James Gleick has a lovely op ed in today’s New York Times about what the recent settlement between Google and the Authors Guild means for the future of books.
Gleick helped to negotiate the settlement, which allows Google to scan millions of books (something it already was doing without permission), and make those books available online. When readers access the books, the copyright owner will share in any advertising revenue.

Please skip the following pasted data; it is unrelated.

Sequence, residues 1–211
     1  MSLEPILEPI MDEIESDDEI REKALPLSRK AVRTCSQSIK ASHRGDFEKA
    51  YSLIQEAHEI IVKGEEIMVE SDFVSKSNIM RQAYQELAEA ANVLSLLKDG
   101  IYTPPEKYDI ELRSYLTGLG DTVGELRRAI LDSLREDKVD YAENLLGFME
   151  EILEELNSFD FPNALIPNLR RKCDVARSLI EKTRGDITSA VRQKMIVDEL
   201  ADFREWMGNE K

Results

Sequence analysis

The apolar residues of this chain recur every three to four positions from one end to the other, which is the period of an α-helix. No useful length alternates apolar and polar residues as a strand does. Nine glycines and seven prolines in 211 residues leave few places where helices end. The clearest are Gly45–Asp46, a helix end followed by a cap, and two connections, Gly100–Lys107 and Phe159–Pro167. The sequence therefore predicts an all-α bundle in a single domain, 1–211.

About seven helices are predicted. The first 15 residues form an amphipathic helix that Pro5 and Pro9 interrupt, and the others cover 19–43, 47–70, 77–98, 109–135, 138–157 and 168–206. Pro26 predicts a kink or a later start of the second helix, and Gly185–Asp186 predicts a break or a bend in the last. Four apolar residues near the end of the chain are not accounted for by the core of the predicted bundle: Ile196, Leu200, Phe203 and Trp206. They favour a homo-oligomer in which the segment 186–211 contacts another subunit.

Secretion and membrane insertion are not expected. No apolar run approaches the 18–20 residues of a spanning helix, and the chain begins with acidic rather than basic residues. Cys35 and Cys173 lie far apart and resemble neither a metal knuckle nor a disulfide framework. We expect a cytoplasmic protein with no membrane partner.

Gleick sums up why this is a good thing for the millions of books that would otherwise be mostly unavailable:
In bookstores, the trend for a decade or more has been toward shorter shelf life. Books have had to sell fast or move aside. Now even modest titles have been granted a gift of unlimited longevity.
What should an old-fashioned book publisher do with this gift? Forget about cost-cutting and the mass market. Don’t aim for instant blockbuster successes. You won’t win on quick distribution, and you won’t win on price. Cyberspace has that covered.
Go back to an old-fashioned idea: that a book, printed in ink on durable paper, acid-free for longevity, is a thing of beauty. Make it as well as you can. People want to cherish it.